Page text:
The legislative history further establishes that the Council intended to provide the same penalties for soliciting for and engaging in prostitution. Congress first criminalized solicitation for prostitution in 1892, and it has remained a crime in the District of Columbia ever since. Act of July 29, 1892, ch. 320, sec. 7, 27 Stat. 323; see also United States v. Strothers, 97 U.S.App.D.C. 63, 64, 228 F.2d 34, 35 (1955) (quoting statute). Indeed, the act of " prostitution" was not even a crime until

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2006.[5] COUNCIL OF THE DISTRICT OF COLUMBIA, COMM. ON THE JUDICIARY, " OMNIBUS PUBLIC SAFETY ACT OF 2006" at 2 (2006). When Council criminalized the act of prostitution, it did not differentiate between the penalties for engaging in prostitution and soliciting for prostitution. See, supra, D.C.Code § 22-2701(1) (2007 Supp.) (" It is unlawful for any person to engage in prostitution or to solicit for prostitution. The penalties for violation of this section shall be...." ).

Moreover, when the Council amended § 22-2701 again in 2009, it did so as part of the wide-sweeping " Omnibus Public Safety and Justice Amendment Act of 2009" (hereinafter the " 2009 Omnibus Act" ). D.C. Law 18-88, § 211 (2009). In a section explaining the rationale for each amendment in the 2009 Omnibus Act, the report prepared by the Council's Committee on the Judiciary (hereinafter the " Committee Report" ) explained that the new provision:

[W]ould amend D.C. Official Code § 22-2701 to establish a third conviction for prostitution or solicitation for prostitution as a felony offense. Heightening the consequence for repeated violations of this law is consistent with other parts of this legislation where crimes with high recidivism and seemingly indeterminate consequences are being targeted.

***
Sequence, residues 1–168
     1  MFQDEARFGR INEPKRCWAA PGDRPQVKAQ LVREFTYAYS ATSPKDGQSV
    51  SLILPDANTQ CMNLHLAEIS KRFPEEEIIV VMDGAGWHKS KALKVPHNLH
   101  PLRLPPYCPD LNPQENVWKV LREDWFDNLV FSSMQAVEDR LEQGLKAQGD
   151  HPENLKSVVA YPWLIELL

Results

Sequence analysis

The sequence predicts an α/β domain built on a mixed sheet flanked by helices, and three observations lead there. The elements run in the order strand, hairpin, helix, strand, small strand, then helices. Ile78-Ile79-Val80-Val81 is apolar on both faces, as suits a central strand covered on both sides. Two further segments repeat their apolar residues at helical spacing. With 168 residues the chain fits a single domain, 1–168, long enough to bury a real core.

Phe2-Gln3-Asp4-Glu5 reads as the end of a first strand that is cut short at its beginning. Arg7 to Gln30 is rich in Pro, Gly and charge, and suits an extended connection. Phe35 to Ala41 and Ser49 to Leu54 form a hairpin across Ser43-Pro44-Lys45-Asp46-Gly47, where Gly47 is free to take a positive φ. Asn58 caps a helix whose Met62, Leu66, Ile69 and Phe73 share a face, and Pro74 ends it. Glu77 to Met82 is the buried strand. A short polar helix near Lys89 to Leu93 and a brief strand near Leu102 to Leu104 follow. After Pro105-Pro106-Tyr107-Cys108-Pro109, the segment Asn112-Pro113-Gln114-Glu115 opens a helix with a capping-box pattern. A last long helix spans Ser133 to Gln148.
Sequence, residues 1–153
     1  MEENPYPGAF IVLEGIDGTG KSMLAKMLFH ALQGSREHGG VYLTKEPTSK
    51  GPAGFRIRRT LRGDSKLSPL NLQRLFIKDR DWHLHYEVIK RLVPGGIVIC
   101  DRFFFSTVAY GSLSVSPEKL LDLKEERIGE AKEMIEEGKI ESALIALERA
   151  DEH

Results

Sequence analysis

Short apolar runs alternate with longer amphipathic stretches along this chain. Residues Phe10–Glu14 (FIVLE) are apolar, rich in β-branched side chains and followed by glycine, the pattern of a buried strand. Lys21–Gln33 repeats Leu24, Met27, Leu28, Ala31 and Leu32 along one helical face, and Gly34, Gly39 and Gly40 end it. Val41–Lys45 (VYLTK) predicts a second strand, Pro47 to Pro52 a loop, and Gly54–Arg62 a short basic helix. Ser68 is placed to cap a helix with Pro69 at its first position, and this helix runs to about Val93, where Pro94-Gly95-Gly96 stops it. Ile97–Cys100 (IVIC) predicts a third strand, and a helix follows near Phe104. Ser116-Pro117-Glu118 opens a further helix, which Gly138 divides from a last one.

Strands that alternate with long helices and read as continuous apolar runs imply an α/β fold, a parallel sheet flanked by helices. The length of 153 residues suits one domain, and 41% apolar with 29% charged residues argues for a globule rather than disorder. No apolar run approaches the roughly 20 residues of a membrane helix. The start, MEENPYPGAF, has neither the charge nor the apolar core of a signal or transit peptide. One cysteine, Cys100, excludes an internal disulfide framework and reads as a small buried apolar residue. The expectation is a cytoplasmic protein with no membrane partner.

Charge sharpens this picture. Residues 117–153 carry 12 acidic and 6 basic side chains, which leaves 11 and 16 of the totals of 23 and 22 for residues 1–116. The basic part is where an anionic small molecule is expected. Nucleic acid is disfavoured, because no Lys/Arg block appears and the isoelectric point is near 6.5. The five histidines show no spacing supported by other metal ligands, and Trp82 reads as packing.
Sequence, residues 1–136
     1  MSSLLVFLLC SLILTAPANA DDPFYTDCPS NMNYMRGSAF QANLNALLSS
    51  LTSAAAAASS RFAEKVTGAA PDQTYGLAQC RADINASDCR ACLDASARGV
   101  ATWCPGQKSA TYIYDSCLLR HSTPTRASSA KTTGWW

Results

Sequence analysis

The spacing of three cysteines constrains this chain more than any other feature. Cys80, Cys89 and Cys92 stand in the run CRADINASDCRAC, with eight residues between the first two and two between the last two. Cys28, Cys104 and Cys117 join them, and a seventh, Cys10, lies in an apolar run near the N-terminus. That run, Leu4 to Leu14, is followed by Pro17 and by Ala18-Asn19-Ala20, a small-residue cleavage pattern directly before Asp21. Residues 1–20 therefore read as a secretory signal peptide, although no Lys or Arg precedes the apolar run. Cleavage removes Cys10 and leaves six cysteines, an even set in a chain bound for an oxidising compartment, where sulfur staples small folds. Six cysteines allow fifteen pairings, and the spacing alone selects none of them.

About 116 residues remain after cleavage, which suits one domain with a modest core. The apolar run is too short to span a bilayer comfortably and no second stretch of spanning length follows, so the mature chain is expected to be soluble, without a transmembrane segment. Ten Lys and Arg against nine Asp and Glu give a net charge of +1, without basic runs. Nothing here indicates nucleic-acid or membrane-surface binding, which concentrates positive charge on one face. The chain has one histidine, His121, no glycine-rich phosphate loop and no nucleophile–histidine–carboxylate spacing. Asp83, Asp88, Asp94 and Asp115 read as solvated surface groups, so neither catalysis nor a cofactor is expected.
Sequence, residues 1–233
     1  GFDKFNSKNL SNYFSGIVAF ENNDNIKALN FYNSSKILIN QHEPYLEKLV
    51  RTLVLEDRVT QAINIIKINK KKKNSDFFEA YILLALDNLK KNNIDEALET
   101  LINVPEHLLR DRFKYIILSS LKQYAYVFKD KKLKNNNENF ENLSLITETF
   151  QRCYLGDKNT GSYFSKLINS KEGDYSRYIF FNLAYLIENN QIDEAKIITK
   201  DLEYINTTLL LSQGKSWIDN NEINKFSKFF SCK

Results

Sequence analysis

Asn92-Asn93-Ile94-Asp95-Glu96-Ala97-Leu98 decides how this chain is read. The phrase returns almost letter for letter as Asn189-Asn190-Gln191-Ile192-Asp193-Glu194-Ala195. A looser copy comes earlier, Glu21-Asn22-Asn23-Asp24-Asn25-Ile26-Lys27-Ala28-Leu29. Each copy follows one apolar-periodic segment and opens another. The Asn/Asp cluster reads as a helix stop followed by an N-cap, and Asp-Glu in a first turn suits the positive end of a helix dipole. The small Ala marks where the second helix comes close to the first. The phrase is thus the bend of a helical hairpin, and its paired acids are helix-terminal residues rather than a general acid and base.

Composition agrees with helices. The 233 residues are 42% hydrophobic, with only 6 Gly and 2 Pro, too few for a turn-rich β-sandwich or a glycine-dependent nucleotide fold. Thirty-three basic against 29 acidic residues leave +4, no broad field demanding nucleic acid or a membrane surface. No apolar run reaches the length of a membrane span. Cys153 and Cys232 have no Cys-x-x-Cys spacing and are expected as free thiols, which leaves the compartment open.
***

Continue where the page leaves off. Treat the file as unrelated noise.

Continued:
COUNCIL OF THE DISTRICT OF COLUMBIA, COMM. ON THE JUDICIARY, " OMNIBUS PUBLIC SAFETY ACT AND JUSTICE AMENDMENT ACT OF 2009" at 17 (2009). In addition, the Committee Report's brief " section by section analysis" concisely states that the amendment " [p]rovides that the third penalty for prostitution or solicitation shall result in a felony." Id. at 43. There is nothing in the legislative history that indicates that the Council sought to alter the status quo regarding the identical penalties for " engaging in" and " soliciting for" prostitution. Instead, the provisions from the Committee Report indicate that the Council intended to increase penalties for both soliciting for and engaging in prostitution for the sake of deterring recidivism, and that by amending § 22-2701 in 2009, the Council did not intend to remove the penalties for those who solicit for prostitution.